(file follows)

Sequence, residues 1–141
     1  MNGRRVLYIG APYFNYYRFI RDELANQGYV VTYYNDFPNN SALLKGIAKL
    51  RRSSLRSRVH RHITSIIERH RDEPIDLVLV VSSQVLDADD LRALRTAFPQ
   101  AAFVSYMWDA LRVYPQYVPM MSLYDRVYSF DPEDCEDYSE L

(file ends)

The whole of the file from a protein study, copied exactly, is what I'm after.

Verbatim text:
Sequence, residues 1–141
     1  MNGRRVLYIG APYFNYYRFI RDELANQGYV VTYYNDFPNN SALLKGIAKL
    51  RRSSLRSRVH RHITSIIERH RDEPIDLVLV VSSQVLDADD LRALRTAFPQ
   101  AAFVSYMWDA LRVYPQYVPM MSLYDRVYSF DPEDCEDYSE L